US President Donald J. Trump picked Pompeo, a known foreign policy hawk on issues from Russia to Iran to North Korea, to replace Rex Tillerson at the State Department on March 13.

    Tillerson officially stepped down on April 1. Pompeo assumed the post on April 26. This replacement is one of many that have taken place in the first fifteen months of the Trump administration. The White House has now seen two secretaries of state, three national security advisors, and two chiefs of staff. Whether Pompeo can help chart a steady course for US policy remains to be seen.  

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  • Macron’s Challenge to Trump

    French President Emmanuel Macron on April 25 delivered a rallying cry for Western world leaders to reject isolationism and stand together in defense of democracy. The remarks appeared to be directed at US President Donald J. Trump who has embraced an America first worldview.

    “It is a critical moment,” Macron said in his address to a joint session of the US Congress, adding, “closing the doors to the world will not stop the evolution of the world.”

    “Today, the international community needs to step up our game, and build a twenty-first century world order, based on the perennial principles we established together after World War II,” the French president said.

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  • Sri Sri Ravi Shankar and The Art of Living

    Compassion and cooperation are key to dealing with global conflict, one of India’s renowned spiritual leaders, Sri Sri Ravi Shankar, said at the Atlantic Council in Washington on April 19.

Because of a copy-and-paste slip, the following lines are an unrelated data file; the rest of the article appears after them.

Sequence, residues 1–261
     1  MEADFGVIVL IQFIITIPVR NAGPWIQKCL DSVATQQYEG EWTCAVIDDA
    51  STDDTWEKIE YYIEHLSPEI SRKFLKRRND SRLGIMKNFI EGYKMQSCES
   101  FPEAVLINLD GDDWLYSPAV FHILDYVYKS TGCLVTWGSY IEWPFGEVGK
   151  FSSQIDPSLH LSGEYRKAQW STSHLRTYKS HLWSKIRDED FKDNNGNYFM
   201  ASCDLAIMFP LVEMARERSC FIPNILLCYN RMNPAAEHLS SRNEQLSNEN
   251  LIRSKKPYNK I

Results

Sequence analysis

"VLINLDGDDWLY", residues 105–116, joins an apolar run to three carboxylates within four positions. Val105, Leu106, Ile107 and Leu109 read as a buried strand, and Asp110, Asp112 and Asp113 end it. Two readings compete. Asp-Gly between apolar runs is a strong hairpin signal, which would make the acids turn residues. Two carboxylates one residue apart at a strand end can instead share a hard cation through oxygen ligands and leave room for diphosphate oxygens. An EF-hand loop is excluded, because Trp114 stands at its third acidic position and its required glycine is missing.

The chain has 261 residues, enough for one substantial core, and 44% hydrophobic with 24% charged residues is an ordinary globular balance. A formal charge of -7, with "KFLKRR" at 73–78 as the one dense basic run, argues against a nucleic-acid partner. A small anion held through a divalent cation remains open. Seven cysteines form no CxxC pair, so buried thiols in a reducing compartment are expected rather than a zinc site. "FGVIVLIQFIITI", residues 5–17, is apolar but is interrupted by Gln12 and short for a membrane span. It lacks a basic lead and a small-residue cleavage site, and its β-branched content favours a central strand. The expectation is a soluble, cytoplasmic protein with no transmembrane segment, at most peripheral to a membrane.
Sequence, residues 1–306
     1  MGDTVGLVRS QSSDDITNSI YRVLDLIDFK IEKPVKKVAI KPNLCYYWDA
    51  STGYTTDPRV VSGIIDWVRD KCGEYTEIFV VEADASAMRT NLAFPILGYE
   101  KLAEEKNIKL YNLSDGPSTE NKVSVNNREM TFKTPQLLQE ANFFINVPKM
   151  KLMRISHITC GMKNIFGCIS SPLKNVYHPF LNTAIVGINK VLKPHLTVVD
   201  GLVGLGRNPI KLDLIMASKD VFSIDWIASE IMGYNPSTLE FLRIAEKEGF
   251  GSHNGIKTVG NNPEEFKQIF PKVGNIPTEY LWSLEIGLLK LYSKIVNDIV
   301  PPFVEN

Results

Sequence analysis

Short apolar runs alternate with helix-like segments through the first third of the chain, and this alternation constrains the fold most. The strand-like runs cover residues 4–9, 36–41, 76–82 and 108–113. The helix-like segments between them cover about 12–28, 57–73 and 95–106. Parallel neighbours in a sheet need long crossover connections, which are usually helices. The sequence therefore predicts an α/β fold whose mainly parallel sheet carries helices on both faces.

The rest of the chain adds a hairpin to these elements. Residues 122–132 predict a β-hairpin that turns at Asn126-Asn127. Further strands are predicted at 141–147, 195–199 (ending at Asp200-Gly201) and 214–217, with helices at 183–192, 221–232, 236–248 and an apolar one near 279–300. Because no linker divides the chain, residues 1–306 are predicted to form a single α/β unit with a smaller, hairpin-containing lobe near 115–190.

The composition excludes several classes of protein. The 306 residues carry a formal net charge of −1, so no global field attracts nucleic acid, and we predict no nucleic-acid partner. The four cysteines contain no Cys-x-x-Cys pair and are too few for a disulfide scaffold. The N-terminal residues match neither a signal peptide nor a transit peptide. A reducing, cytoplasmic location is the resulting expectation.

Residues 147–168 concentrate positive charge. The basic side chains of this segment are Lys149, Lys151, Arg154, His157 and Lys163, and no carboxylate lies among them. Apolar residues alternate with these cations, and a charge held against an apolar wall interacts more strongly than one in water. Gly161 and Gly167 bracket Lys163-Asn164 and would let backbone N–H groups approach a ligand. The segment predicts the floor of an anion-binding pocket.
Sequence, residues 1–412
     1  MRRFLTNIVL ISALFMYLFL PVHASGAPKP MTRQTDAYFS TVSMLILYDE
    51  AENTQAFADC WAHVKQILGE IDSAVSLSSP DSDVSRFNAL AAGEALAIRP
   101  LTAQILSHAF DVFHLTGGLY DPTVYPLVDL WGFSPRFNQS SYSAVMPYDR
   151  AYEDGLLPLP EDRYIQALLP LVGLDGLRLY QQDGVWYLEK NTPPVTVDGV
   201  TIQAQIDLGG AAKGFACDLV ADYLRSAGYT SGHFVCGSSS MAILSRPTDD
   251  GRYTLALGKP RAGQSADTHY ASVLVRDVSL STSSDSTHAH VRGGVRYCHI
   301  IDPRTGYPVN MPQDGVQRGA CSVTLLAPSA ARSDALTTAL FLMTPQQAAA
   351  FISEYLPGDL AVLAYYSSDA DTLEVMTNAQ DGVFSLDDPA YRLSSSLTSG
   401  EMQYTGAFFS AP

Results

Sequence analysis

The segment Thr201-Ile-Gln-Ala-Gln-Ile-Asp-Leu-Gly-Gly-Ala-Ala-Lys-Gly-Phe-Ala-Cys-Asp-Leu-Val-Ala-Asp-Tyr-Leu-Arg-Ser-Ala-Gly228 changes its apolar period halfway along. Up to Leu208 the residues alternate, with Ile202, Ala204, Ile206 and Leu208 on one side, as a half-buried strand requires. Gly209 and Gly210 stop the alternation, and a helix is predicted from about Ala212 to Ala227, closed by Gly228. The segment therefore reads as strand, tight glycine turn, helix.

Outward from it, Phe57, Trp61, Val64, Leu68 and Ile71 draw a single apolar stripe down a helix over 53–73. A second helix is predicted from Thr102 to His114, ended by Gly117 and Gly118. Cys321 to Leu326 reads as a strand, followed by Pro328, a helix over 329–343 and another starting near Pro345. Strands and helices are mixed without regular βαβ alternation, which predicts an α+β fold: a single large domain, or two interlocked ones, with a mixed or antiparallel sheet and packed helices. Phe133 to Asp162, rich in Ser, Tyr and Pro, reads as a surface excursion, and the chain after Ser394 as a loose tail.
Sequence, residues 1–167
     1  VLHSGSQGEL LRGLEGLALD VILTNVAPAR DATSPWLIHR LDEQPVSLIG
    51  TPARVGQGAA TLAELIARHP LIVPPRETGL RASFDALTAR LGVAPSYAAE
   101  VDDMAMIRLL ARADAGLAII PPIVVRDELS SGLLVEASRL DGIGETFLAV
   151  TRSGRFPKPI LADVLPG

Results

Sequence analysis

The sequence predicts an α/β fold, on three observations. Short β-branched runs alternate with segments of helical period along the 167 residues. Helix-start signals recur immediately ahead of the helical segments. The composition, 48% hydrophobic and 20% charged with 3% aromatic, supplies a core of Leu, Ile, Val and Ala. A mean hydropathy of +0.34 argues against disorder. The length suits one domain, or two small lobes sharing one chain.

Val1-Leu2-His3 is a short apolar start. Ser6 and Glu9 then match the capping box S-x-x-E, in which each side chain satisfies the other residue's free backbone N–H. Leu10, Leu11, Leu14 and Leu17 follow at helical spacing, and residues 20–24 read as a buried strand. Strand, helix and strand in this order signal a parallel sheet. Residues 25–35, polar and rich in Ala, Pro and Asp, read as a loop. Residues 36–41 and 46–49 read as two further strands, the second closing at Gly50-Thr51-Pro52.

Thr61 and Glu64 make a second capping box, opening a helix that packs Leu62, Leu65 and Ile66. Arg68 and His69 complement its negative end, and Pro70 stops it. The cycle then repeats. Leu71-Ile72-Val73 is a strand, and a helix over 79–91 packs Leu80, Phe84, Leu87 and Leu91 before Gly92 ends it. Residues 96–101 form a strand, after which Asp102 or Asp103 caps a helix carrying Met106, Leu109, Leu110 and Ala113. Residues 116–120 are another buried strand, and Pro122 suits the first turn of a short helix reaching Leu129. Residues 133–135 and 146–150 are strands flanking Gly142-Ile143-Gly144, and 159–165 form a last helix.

“The value of compassion, of cooperation…should be emphasized more than aggression,” said Sri Sri Ravi Shankar, founder of the Art of Living Foundation.

    “When we speak to people, we make them understand that we understand them,” said Shankar, founder of the Art of Living Foundation. He called for world leaders to apply this principle to their politics. According to Shankar, in the midst of conflict, opposing parties must be made “to feel they are part of [a] dialogue. You cannot accuse someone and expect them to come forward.”

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  • Sisi's Second Term Could Be Spent Securing a Third

    To no one’s surprise, Egyptians re-elected President Abdel Fattah el-Sisi on March 29 by an overwhelming majority. However, according to an Atlantic Council analyst, one of Sisi’s priorities in his second term may be securing a third.

    “He has one major issue that I think he will go after in the first couple of years,” said Dr H.A. Hellyer, a non-resident senior fellow in the Atlantic Council’s Rafik Hariri Center for the Middle East, “which is to address the existence of a two-term limit article in the constitution.”

    Under current laws, Sisi’s second four-year term must be his last. However, said Hellyer, he is likely to consolidate power and work to extend his time in office. The idea has a recent precedent—Chinese President Xi Jinping did away with term limits in China earlier this month.

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  • North Korea’s Claims to Denuclearize ‘Almost Certainly’ Empty Promises

    Though North Korean leader Kim Jong-un pledged his country’s commitment to denuclearization in a secret meeting with Chinese President Xi Jinping, it is unlikely that his sentiments are sincere.

    According to Jamie Metzl, a senior fellow at the Atlantic Council’s Scowcroft Center for Strategy and Security, North Korea will “almost certainly,” ultimately refuse to give up its nuclear weapons.

    Kim secretly visited China in what was deemed an “unofficial visit” from March 25 to March 28. The meeting took place weeks ahead of a planned summit between North and South Korea and the looming possibility of a sit-down between Kim and US President Donald J. Trump.